Alterations in dendritic spine morphology and postsynaptic structure are a hallmark of neurological
disorders. Particularly spine pruning of striatal medium spiny neurons and aberrant rewiring
of corticostriatal synapses have been associated with the pathology of Parkinson’s disease and LDOPA
induced dyskinesia, respectively. Owing to its low activation threshold the neuronal L-type
calcium channel CaV1.3 is particularly critical in the control of neuronal excitability and thus in the
calcium-dependent regulation of neuronal functions. CaV1.3 channels are located in dendritic spines
and contain a C-terminal class 1 PDZ domain-binding sequence. Until today the postsynaptic PDZ
domain proteins shank, densin-180, and erbin have been shown to interact with CaV1.3 channels and to modulate their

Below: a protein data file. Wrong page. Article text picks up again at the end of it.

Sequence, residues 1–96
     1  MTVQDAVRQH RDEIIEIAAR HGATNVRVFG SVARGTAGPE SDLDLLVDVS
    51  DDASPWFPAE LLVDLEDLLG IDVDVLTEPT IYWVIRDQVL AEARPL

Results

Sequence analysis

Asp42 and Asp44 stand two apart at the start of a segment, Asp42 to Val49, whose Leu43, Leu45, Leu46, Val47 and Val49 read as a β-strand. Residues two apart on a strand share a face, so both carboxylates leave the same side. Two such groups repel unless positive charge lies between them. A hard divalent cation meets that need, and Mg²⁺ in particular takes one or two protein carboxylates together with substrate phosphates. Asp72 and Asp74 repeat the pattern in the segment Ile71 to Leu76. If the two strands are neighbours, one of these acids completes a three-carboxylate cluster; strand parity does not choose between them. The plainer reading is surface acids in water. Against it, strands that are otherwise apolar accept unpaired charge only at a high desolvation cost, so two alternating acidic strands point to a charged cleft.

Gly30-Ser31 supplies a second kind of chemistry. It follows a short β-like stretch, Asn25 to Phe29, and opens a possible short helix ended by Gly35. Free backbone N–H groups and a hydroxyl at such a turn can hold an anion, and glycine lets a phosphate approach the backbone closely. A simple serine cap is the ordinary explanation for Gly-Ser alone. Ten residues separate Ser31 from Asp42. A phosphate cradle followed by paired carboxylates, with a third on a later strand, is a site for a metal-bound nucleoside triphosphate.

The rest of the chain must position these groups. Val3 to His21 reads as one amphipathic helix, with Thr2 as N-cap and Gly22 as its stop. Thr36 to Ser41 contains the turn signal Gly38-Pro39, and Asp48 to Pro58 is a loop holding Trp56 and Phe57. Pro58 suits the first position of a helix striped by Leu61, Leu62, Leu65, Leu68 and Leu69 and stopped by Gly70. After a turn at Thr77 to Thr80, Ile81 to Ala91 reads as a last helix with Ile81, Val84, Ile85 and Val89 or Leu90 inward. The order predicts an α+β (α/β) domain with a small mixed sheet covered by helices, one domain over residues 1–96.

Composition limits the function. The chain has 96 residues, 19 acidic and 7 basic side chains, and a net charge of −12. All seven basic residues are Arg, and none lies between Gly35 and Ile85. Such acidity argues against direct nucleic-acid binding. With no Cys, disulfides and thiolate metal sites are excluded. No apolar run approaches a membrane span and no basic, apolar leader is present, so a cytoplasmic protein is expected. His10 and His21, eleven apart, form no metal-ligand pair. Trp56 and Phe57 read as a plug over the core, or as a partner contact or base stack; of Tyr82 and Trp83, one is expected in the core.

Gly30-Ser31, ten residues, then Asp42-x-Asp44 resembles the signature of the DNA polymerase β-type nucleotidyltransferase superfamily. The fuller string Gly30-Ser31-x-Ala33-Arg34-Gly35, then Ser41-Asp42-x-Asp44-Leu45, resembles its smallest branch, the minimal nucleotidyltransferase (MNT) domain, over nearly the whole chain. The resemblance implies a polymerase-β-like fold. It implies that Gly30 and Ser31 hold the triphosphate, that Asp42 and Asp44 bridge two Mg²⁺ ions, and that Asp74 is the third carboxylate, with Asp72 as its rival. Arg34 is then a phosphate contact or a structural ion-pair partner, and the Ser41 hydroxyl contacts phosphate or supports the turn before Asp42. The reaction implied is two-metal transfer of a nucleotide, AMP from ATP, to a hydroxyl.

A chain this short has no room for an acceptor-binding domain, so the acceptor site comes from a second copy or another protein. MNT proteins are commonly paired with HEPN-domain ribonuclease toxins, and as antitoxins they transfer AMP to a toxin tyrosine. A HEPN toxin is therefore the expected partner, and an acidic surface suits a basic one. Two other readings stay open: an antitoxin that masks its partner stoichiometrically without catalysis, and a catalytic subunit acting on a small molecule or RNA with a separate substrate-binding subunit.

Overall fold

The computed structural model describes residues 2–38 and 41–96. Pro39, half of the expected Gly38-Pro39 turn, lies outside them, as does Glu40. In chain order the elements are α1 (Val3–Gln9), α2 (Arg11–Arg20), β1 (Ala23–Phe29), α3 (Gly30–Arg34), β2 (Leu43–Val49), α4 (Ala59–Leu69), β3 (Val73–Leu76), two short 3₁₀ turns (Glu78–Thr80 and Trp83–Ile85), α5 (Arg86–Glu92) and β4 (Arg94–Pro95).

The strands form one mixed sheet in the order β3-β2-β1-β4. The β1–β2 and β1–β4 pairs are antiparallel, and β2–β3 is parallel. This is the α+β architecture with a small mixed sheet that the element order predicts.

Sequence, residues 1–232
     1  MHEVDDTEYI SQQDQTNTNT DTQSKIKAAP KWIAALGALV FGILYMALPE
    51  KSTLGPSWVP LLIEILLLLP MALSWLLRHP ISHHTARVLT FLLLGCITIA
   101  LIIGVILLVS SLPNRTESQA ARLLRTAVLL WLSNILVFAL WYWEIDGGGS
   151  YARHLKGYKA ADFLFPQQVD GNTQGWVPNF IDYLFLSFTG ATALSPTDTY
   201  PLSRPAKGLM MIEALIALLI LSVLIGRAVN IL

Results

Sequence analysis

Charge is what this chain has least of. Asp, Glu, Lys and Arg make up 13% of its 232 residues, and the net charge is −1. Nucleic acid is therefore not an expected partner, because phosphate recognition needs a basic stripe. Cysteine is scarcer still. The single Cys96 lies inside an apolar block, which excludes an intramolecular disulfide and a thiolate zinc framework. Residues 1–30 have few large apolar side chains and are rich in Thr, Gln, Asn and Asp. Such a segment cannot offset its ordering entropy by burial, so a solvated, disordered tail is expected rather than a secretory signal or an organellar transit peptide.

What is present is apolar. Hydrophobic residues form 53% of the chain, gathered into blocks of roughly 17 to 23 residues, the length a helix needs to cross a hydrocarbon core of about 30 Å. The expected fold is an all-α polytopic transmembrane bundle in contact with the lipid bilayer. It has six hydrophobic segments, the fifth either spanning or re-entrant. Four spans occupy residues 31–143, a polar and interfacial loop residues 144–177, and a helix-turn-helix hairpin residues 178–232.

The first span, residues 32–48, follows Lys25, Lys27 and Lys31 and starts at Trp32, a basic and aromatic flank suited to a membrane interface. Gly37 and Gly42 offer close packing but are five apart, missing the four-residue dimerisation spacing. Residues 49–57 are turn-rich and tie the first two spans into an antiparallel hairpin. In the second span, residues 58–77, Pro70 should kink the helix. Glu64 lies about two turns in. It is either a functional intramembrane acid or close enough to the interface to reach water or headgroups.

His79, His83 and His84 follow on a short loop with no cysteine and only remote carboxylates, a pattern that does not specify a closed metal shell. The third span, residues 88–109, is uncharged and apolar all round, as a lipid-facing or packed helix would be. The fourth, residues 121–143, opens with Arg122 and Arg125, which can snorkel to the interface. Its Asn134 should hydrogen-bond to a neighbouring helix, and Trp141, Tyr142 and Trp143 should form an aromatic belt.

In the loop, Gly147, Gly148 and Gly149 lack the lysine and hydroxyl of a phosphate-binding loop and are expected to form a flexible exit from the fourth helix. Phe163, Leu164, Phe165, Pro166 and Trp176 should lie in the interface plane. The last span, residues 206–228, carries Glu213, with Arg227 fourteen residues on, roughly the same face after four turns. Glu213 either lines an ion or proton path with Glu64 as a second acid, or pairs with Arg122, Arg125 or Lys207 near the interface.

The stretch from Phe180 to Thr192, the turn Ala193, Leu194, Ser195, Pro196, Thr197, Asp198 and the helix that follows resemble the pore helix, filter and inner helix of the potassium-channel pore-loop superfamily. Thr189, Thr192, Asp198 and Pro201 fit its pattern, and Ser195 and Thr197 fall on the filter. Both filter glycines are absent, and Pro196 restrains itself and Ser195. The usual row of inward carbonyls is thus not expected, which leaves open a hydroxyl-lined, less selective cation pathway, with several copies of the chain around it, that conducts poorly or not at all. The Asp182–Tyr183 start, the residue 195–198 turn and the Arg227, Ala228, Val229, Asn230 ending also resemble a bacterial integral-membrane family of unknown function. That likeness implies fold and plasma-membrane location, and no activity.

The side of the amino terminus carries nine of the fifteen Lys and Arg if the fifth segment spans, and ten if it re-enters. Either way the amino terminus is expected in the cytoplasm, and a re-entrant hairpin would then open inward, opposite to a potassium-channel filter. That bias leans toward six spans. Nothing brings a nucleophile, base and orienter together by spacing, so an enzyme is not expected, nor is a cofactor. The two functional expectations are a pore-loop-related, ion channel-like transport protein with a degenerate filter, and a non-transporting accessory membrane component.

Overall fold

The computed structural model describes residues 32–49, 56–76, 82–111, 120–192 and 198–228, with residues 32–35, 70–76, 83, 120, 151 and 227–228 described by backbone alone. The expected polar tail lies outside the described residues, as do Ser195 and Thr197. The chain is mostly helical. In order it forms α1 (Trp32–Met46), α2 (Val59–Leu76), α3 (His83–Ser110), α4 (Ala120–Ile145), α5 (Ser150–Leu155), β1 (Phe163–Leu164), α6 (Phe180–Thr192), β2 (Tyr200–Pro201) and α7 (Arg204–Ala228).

current properties. Interestingly experimental evidence suggests an involvement of all three PDZ proteins as well as
CaV1.3 itself in regulating dendritic and postsynaptic morphology. Here we briefly review the importance of CaV1.3 and
its proposed interactions with PDZ proteins for the stability of dendritic spines. With a special focus on the pathology associated
with Parkinson’s disease, we discuss the hypothesis that CaV1.3 L-type calcium channels may be critical modulators
of dendritic spine stability.
Keywords: CACNA1D, PDZ domain, voltage-gated calcium channels, synaptic transmission, δ-atenin, synapse stability,
Parkinson’s disease, autism spectrum disorders.
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